UNDP is working with the NDMA to put into operation a comprehensive disaster management plans, especially for climate related disaster such as flooding, windstorm and coastal erosion.

Liberia is facing some serious environmental challenges, including coastal erosion, flooding, windstorms and others.

Changing climate and the rapidly growing exposure to disaster risks present the world with an unprecedented challenge, with every nation practically being affected to the extent that Liberia and many other underdeveloped or third-world countries are the most vulnerable to the impacts of the climate change menace.

As such, Liberia is gradually bracing itself for the effects that climate change is having across the globe as its devastating impacts continue to affect millions of people.

To help establish a national disaster management framework, the government, through the National Disaster Management Agency (NDMA), has therefore begun engaging local stakeholders to raise awareness and disseminate the National Disaster Risk Reduction and Resilience Strategy (NDRR&RS) of Liberia, and Strategies and Action Plans for Coastal Adaptation in the country.

“The need for the country to develop a framework for disaster management cannot be overemphasized,” says Augustine Tamba, NDMA Director for Operations.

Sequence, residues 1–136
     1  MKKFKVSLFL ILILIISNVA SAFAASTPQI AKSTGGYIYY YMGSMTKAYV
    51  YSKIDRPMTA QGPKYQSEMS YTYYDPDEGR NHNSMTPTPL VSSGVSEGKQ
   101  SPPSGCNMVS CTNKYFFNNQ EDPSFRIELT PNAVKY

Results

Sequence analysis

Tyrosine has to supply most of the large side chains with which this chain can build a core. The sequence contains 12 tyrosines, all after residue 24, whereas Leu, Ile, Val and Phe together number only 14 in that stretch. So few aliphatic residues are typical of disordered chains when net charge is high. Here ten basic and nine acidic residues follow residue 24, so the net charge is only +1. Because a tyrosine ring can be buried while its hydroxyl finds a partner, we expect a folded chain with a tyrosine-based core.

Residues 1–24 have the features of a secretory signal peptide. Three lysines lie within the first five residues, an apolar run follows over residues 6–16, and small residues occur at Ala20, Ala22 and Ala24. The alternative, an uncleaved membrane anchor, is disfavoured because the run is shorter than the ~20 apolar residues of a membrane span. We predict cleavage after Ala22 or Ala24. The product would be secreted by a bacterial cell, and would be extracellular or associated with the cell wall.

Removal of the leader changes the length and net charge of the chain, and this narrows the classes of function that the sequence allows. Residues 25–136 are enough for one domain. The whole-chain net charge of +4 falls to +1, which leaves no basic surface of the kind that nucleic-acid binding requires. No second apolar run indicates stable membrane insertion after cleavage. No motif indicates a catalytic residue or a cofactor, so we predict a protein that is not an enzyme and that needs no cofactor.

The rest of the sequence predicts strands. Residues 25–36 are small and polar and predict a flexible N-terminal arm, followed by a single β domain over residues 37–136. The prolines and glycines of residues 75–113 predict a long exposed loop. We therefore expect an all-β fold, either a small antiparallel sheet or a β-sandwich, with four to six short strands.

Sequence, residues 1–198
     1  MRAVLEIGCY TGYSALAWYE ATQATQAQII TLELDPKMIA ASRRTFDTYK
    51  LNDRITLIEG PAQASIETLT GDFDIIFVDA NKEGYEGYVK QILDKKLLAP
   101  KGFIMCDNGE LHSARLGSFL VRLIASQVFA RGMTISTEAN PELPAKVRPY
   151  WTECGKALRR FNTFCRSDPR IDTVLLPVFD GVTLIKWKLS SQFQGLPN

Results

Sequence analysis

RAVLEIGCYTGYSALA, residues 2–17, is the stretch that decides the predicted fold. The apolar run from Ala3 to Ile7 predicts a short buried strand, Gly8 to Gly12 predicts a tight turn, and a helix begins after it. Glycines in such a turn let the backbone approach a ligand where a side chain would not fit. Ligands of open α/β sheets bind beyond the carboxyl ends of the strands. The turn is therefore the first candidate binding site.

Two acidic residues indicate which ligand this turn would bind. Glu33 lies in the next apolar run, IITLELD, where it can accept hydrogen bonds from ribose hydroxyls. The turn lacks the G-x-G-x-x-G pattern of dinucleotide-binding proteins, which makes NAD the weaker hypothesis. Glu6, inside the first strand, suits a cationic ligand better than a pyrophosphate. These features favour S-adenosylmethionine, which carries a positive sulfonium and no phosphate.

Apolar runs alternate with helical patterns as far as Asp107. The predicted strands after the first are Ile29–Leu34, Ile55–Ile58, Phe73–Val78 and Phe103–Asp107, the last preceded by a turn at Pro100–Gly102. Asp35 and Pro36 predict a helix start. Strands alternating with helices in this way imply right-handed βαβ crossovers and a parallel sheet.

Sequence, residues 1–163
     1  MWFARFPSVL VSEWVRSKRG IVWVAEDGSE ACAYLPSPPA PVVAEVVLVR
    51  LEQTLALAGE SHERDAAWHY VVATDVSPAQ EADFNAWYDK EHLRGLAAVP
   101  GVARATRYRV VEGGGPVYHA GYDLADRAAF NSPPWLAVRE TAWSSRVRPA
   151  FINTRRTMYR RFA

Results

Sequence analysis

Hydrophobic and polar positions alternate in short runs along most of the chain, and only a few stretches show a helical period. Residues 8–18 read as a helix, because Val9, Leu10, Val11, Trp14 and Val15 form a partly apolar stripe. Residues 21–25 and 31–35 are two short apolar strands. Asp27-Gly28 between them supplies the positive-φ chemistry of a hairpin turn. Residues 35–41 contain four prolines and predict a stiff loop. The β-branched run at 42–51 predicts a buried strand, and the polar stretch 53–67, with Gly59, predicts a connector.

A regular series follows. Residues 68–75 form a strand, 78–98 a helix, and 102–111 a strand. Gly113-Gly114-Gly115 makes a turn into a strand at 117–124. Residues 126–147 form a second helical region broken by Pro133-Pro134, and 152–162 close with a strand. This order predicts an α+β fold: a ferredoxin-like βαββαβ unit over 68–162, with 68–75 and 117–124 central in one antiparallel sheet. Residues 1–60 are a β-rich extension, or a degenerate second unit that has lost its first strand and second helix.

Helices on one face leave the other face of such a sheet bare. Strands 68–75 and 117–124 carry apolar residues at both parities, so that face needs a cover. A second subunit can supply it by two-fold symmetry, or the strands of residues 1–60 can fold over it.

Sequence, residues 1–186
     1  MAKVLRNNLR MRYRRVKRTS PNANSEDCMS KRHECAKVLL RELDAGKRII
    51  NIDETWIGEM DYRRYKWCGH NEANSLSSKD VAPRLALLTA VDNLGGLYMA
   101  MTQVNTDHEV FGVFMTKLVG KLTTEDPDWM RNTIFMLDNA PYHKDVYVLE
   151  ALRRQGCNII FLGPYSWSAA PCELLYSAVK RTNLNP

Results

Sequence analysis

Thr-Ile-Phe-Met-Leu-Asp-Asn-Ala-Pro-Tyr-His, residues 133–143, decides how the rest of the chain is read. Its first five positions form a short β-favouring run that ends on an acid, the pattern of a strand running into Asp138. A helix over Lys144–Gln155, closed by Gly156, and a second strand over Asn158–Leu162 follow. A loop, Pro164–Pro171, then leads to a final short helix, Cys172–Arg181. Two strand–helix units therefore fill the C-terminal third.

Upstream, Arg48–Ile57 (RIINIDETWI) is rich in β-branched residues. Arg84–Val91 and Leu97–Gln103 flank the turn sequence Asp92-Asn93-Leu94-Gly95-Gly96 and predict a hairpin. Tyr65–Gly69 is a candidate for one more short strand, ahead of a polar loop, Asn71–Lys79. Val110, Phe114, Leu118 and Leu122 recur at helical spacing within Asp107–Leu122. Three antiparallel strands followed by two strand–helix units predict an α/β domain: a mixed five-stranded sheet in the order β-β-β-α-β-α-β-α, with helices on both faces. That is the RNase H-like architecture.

With funding from the Green Climate Fund (GCF), through the United Nations Development Program (UNDP), Mr. Tamba said that the NDMA has begun nationwide consultative efforts to engage residents on disaster related activities in communities.

The process began in Tubmanburg, Bomi County, where stakeholders from the Western region (Bomi, Cape Mount and Gbarpolu counties) converged for a two-day workshop.

NDMA Project Officer, Jonathan Wordsworth, said the workshop was meant to widen citizens’ participation, solicit local inputs to the strategy and trigger community ownership by utilizing a community-based approach.

“This engagement is meant to present the National Disaster Risk Reduction (NDRR&RS) to local authorities, and community leaders, while providing an explicit understanding of what the document is, and what is expected of them,” Wordsworth said.

This is also meant to reaffirm hotspots and hazards identified in the communities and documented in the strategy.

UNDP is working with the NDMA to put into operation a comprehensive disaster management plan, especially for climate related disasters such as flooding, windstorm and coastal erosion.

According to the organizers, the key output of this is to strengthen adaptive capacity, and reduce exposure to climate risks of livelihoods, and infrastructure in vulnerable communities.  

Under this engagement, local stakeholders, government officials and UNDP are working to ensure that the design of the NDRR and National Adaptation Plan (NAP) are tailored to the specific climate change needs of the communities.

“UNDP is providing critical contributions to tackle climate change adaptation and disaster risk management,” the Disaster Risk Management Expert at the UNDP, Fairnoh T. Gbilah, said.

According to him, a number of pressing development challenges exist that need speedy and prompt actions in order to reduce threats of climate change-exacerbated floods, coastal erosion and windstorms.

"This is the situation that the country must start to address now,"Gbilah stressed.

Climate projections for Liberia suggest that the risks will increase over time, which can potentially undermine development in the country.


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